There is a myth that FBA sellers with a very small amount of inventory won't be affected by Amazon’s decision. But remember, while online marketplaces like Amazon allow almost anyone to start and run a small business, those small businesses face the same complexities, legal requirements and sales tax compliance obligations as larger counterparts. Whether or not businesses are immediately affected all comes down to that nexus.
How can online businesses reduce the complexity of managing sales tax compliance?
Tax management inevitably becomes more complex for FBA sellers. From getting properly registered with the states, determining the correct rate (including the correct local rate in origin sourcing states), determining the correct taxability (states do exempt some products and sales to many different organizations), filing the right return (some states require a different return if the seller doesn’t have a location in the state) and remitting the tax to the state (whether the state or local government wants the tax by electronic funds transfer or by paper check).
To start with, businesses need to understand which state's taxes apply if nexus is triggered. The simple answer is the state sales tax plus any applicable local sales tax. What isn’t always simple is knowing which local tax is the correct local tax. Most states have many local taxes and those local taxes rarely follow zip codes. In most states the correct local tax is the tax where the product is shipped to (destination sourcing), but in a handful of states it might be the location of the business (origin sourcing).
To make matters more complicated, the rules defining “location of the business” vary from one origin sourcing state to another. In addition, there may be state and local businesses tax (the Washington B&O tax) that apply. There is often a separate license required for these additional taxes.
If it sounds intimidating, it’s because it is. To manage this process manually is difficult, error-prone and time-intensive. As a result, I predict more sellers who will now have to collect sales tax will outsource the automation of sales tax compliance. This will ensure they adhere to obligations without draining time that could be better spent growing their business.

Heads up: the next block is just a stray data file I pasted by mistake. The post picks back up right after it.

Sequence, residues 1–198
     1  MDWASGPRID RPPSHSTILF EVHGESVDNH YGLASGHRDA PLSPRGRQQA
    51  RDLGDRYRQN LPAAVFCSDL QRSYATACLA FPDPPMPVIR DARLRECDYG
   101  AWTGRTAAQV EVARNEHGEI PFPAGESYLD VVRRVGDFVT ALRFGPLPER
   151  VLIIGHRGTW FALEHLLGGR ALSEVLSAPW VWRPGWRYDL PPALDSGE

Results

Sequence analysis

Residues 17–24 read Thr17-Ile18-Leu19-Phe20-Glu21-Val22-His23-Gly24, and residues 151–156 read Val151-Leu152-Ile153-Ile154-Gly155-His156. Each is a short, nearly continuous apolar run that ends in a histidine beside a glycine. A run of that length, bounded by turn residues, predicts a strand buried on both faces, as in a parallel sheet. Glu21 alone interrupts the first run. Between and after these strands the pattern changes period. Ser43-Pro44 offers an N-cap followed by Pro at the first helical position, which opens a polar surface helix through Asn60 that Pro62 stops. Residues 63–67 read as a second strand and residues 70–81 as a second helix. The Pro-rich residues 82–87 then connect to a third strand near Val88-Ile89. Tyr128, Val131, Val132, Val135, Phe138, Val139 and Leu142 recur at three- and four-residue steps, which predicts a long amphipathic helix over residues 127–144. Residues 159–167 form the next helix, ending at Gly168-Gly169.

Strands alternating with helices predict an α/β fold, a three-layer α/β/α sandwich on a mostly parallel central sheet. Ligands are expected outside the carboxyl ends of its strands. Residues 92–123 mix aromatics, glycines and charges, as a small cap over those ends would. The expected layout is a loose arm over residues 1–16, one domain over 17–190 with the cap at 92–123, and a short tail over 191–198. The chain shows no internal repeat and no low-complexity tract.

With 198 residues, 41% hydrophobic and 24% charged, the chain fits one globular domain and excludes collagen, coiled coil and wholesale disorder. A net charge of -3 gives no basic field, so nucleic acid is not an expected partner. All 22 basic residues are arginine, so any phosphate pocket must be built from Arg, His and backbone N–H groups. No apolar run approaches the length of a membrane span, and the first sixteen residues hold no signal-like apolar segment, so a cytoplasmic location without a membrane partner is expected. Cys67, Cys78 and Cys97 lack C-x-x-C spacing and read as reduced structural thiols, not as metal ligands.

Amazon has not only changed the way that we do business, but it has also changed the way in which we think about sales tax. Many feel Amazon has taken away the shield that protected consumers who shopped online from sales tax. Some believe with this latest move, perhaps the biggest impact is that the armor is removed from sellers. For years, many e-commerce merchants haven’t realized that they already have sales tax obligations when they make remote sales. All remote vendors should keep abreast of state nexus policies — those already in effect and those under consideration. It is essential for businesses to know where they already have nexus and should be collecting and remitting tax. For third-party sellers on Amazon, this means they should closely monitor where Amazon has a physical presence and where they have an obligation to collect.
Ultimately, there are many who believe this move by Amazon will eventually expose the identity of Amazon’s third-party sellers to state tax officials. There are rumors that many small shops have long been flying beneath the radar of state tax officials that have lacked the resources to find them, which means it is essential, always, for business to understand their sales tax obligations and adhere to them.